Frankfort, Ky. (June 18, 2020) – Attorney General Daniel Cameron today continued his unwavering defense of the unborn by asking the U.S. Court of Appeals for the Sixth Circuit to rehear a case involving a Kentucky law that bans live-dismemberment abortions. Attorney General Cameron tendered a Petition for Rehearing asking the case to be reheard en banc by all sixteen judges of the court.
House Bill 454, known as the Human Rights of Unborn Children Act, was passed in 2018 by the General Assembly and requires abortion providers to ensure that an unborn child dies before beginning the gruesome dismemberment abortion procedure. The bill does not ban the controversial abortion procedure, but, instead, requires that the procedure is performed in a more humane manner. The bill was passed with bipartisan support and was immediately challenged by the ACLU on behalf of EMW Women’s Surgical Center.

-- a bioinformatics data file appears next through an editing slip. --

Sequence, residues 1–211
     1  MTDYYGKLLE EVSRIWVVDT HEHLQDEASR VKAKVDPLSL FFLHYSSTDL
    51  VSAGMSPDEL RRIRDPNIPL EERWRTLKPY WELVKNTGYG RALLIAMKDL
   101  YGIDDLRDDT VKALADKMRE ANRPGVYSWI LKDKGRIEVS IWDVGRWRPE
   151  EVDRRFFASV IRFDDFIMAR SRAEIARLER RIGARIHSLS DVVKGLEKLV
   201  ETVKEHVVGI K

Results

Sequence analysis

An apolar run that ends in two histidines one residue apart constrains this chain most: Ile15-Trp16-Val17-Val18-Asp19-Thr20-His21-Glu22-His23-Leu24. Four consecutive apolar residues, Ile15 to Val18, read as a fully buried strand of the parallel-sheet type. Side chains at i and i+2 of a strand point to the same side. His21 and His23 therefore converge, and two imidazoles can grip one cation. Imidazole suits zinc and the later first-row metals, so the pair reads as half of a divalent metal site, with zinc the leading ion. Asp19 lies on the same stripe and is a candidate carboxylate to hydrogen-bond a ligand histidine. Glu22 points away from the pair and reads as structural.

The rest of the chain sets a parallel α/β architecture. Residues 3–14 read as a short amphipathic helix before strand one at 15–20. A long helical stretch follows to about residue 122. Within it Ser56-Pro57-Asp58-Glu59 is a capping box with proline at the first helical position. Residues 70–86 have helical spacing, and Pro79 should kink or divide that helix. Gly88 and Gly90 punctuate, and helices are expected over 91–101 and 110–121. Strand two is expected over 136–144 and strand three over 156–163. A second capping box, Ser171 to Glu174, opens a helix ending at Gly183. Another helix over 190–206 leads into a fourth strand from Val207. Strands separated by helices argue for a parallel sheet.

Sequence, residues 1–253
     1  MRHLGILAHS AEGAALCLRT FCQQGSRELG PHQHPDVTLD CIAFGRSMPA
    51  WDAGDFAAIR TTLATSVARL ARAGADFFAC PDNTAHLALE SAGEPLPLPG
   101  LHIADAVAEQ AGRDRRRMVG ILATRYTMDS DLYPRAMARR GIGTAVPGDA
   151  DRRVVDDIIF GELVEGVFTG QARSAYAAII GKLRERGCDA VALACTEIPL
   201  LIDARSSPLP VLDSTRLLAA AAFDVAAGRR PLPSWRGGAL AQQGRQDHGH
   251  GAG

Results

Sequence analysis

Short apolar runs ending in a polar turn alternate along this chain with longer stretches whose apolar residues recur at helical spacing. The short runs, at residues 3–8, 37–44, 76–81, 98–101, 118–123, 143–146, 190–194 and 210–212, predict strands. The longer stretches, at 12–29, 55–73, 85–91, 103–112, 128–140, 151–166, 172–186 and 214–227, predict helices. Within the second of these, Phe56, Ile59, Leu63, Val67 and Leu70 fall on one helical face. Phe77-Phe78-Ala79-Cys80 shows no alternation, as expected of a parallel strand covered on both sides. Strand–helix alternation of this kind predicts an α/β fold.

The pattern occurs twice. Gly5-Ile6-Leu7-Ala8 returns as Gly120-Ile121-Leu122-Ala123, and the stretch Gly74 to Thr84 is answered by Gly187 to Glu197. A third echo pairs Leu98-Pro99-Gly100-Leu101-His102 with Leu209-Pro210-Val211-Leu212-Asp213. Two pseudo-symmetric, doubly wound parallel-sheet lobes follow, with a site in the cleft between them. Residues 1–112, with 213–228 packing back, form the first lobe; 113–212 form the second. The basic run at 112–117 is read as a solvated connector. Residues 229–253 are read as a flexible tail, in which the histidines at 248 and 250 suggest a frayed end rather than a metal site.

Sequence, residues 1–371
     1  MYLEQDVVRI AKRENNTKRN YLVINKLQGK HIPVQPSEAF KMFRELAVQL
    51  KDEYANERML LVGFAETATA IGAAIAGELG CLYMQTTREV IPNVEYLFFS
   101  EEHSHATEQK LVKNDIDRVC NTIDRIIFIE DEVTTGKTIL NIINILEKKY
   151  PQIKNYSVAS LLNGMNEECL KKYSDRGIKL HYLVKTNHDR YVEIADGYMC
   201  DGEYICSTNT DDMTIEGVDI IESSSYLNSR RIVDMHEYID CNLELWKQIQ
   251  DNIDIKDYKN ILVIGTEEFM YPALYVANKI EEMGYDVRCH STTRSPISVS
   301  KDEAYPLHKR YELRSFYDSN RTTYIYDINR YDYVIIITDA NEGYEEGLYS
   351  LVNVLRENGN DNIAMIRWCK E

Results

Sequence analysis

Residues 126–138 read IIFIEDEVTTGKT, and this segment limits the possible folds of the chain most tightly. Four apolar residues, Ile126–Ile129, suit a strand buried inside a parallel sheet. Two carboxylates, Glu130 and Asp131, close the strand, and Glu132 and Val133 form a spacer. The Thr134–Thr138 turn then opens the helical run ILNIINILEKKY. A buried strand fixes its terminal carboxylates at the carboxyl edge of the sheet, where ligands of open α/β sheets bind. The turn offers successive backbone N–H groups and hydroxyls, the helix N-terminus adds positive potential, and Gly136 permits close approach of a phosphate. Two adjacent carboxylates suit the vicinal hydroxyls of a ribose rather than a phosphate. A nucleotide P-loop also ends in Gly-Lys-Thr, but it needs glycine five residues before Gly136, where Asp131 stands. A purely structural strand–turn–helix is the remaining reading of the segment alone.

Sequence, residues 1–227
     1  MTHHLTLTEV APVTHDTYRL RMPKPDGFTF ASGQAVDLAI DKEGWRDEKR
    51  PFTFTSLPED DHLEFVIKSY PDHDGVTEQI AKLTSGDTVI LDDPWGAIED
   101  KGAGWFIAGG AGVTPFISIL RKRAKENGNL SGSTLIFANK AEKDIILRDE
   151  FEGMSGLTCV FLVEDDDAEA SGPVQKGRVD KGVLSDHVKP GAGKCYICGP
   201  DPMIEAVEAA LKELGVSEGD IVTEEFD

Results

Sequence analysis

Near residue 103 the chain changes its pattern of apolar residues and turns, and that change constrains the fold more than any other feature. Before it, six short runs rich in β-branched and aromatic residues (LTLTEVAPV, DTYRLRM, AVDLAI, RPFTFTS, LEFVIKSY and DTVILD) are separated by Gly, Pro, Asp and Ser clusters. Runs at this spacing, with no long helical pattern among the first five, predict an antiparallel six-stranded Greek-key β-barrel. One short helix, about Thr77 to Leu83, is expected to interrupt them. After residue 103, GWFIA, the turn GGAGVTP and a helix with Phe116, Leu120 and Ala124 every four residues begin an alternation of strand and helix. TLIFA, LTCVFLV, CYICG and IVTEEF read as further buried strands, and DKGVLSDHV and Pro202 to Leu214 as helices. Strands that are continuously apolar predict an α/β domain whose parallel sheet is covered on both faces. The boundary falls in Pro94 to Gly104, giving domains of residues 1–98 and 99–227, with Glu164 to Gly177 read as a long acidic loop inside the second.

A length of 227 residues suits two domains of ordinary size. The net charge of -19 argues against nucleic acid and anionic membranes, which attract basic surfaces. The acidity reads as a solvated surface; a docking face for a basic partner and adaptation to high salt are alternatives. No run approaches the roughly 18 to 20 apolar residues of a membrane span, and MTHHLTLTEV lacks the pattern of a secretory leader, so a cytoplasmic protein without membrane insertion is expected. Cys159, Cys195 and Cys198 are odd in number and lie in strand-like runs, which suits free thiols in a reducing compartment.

“We’re exhausting every possible option to ensure that this law continues to be defended and is ultimately enforced,” said Attorney General Cameron. “The law extends compassion and dignity to the unborn by ensuring they are not subjected to the horror and pain of the dismemberment process while still alive. We would never allow the dismemberment of any other living being, and we are going to continue fighting, all the way to the Supreme Court if necessary, so that it can’t happen to unborn children.”
In January, Attorney General Cameron defended the law before a three-judge panel on behalf of the Beshear Administration’s Cabinet for Health and Family Services Secretary Eric Friedlander. The panel struck down the law 2-1 earlier this month, with Judge John Bush dissenting.
The Beshear Administration decided not to challenge the panel’s divided ruling, leading Attorney General Cameron to file a Motion to Intervene in the case to ensure the law continues to receive a full defense.
To view the Petition for Rehearing, click here